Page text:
Due to the fact that Ethiopia's demonstrated bad faith in the American  negotiations on the GERD, the USA continued to inflict damage on Ethiopia through the ‘Ethiopia Stabilization, Peace, and Democracy Act’ (H.R.6600), which suspended the African Growth and Opportunity Act (AGOA) free trade agreement with Ethiopia, including the suspension of US security and financial assistance to the Ethiopian government and the blocking of loans to Ethiopia from global financial institutions including the World Bank and the International Monetary Fund.

Similarly, Egypt knocked on the door of the EU's Brussels Office. The EU promised to support Egyptian efforts to enhance water security in the Nile in order to alleviate Egypt's water shortages. The EU and Egypt attach great importance to reaching an agreement quickly and the GERD is a top priority for the EU (Maria 2022). Egypt continues to seek solutions outside the Nile Basin countries such as the LAS, the United States, and EU member states. The US and the EU have played a role in the talks, but their efforts have been unsuccessful.

What are the Basic Problems of the Nile Basin Countries?

Ethiopia, Egypt, and Sudan have disagreed for years over the Grand Ethiopian Renaissance Dam for years. While there has long been a controversy over distribution and management of the Nile's water, the rivalry, particularly between Egypt and Ethiopia, exploded in 2011 when Ethiopia began construction of the Blue Nile Dam. Ethiopia, whose highlands provide more than 86 per cent of the water flowing into the Nile River, has long maintained that it has the right to use its natural resources to alleviate widespread poverty and improve the living standards of its people (Alemu 1996).

Egypt has declared the completion of the dam an existential threat, citing concerns about its impact on the country's water supply. However, with the GERD almost complete, Egypt has shifted its focus to securing a political consensus on a timeframe for filling the reservoir and how the GERD will be managed, particularly during droughts. Egypt has softened its ‘not even a drop of water’ stance but still demands that Ethiopia to agree to strict conditions to limit its water use which are far more stringent than international water laws and equitable water sharing norms allow; reduce the power generation capacity of the dam; abandon the four to six year time frame for filling the dam reservoir and instead fill it in 12 to 21 years (Mwangi and John 2015). The speed at which Ethiopia fills the dam will determine how much Egypt is affected and in Cairo's view, it is the slower the better. The process will take several years. Sudan, further upstream than Egypt, is also concerned about water shortages.

Ethiopia, on the other hand, prefers the freedom to choose how to deal with droughts. Egypt wants the reservoir to be filled over a much longer period of time, fearing a drought during the filling period (John 2020). Ethiopia, on the other hand, argues that the dam will support regional hydropower integration by providing affordable electricity and serving as a primary mechanism for Nile management, including drought mitigation and water salinity reduction. In addition, Ethiopia generally claims that the GERD will have little impact on the flow of the Nile, while Egypt, which relies almost exclusively on the Nile for its domestic and economic needs, regards the dam as a major threat.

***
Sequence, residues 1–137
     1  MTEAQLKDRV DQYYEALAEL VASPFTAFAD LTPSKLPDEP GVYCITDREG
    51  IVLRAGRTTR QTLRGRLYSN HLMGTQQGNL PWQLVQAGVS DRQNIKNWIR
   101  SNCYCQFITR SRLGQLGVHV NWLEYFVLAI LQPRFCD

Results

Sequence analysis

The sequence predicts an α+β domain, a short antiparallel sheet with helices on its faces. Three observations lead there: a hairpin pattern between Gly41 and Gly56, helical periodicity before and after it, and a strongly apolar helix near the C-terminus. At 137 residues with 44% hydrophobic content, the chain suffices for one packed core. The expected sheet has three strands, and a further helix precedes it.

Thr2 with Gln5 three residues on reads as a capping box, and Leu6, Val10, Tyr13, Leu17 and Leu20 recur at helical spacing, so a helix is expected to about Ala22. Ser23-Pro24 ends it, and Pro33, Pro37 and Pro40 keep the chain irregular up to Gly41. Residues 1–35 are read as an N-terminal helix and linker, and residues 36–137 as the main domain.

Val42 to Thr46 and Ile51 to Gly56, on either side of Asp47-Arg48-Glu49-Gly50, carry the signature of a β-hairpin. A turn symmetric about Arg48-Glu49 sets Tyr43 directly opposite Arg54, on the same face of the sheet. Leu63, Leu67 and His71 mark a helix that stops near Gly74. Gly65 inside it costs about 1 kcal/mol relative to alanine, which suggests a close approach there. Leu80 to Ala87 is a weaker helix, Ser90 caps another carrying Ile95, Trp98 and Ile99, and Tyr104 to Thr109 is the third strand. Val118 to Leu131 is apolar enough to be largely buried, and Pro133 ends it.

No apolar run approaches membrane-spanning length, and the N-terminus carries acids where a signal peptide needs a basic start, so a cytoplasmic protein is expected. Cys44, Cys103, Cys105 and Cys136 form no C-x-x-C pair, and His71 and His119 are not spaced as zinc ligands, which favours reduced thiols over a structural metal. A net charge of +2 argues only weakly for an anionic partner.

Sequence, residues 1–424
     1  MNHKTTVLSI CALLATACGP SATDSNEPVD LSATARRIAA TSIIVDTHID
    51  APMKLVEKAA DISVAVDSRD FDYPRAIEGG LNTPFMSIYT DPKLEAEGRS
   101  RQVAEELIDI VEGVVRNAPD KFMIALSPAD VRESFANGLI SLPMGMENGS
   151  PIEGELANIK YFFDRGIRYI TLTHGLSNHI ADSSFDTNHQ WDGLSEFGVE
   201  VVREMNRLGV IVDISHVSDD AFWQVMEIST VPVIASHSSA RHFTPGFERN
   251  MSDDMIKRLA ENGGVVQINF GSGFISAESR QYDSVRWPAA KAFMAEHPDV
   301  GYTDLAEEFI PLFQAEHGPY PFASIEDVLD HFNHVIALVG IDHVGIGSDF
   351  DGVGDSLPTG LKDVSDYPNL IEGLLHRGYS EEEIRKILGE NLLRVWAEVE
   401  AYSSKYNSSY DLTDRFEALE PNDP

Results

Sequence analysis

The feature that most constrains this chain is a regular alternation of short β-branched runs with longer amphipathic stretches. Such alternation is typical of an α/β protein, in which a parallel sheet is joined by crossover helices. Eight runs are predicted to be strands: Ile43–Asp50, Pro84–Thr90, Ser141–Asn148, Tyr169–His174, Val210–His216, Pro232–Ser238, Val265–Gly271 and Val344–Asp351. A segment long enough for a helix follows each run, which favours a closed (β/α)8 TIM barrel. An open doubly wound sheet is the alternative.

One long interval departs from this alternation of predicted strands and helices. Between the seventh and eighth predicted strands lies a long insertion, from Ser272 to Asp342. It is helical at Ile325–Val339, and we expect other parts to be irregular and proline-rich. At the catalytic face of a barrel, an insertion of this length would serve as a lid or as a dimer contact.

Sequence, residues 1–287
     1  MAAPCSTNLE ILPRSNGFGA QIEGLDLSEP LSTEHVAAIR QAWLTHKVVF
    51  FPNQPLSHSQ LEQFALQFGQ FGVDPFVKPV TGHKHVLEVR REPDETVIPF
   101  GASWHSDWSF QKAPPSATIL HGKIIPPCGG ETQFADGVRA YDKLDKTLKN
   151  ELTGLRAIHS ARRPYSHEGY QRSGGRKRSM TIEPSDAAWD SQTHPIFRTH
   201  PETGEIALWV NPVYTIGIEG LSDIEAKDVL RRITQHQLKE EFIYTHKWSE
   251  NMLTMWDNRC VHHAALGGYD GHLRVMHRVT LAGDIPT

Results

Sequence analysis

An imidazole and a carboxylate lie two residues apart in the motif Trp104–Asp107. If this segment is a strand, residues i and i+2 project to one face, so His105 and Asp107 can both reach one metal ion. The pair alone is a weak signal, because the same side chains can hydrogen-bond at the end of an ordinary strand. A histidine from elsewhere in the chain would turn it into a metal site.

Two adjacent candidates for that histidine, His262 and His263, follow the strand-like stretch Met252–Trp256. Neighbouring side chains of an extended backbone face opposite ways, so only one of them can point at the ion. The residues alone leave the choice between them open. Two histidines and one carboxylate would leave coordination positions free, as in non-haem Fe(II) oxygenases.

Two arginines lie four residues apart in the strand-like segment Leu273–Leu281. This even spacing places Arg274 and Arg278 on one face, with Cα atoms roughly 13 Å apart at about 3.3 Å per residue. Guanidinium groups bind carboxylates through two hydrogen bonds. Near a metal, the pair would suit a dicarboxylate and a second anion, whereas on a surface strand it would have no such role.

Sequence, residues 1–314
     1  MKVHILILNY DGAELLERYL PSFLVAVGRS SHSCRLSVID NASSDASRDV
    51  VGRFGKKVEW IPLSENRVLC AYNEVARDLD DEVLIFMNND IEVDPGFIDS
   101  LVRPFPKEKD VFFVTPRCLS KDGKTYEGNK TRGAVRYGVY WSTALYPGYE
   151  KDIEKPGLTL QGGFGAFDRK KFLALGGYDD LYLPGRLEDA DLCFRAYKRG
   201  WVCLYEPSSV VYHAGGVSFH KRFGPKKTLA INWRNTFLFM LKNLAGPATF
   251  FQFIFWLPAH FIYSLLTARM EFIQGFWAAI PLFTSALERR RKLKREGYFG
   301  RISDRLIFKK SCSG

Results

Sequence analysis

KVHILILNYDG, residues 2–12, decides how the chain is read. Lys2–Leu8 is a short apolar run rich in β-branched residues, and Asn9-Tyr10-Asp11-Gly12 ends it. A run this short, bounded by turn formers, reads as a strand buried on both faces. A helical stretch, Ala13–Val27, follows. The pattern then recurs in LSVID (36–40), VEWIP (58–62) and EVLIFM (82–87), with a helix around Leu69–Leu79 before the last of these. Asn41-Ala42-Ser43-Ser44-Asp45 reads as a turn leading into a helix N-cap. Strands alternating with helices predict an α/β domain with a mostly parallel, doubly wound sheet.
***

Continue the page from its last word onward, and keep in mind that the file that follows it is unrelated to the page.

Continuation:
The reaction of the downstream states to the GERD is mixed.. While Sudan confirms its support for the GERD and enthusiastically welcomes its construction (Sudan Tribune 2013), Egypt strongly opposes the project, arguing that it would ‘reduce Egypt's water share,’ but has since stated that it will not oppose it ‘as long as it does not jeopardize Egypt's interests’ (Egypt Independent 2013). Egypt has opposed both the CFA and the construction of the GERD (Zerihun 2014).

Sudan is caught between the conflicting ambitions of Egypt and Ethiopia. Khartoum was initially opposed to the construction of the GERD, but has now warmed to it, noting its ability to improve domestic growth prospects. Nevertheless, Khartoum remains concerned that the GERD operation could jeopardize the safety of Sudan's own dams and make the government's own development programs much more difficult to manage (John 2020). Sudan has more than once taken a more supportive stance towards Egypt (Egypt Today 2021). The GERD negotiations are in flux, and a resolution of the conflict seems elusive. Ethiopia, Egypt, and Sudan each have their own set of interests. Egypt and Sudan share the goal of maintaining their drought-related water threats, so they disagree on the construction of the dam.


On the global scale, the population growth and increasingly widespread poverty result in water scarcity, which will inevitably pose complex cooperation dilemmas to the states. The Nile GERD project has been on the global agenda of the United Nations Security Council (UNSC) on several occasions. The present paper aimed at a fair examination of the GERD cooperation dilemma on the Blue Nile River and its controversial issues in order to promote a deeper understanding of what are the possible solutions for Ethiopia, Sudan, and Egypt.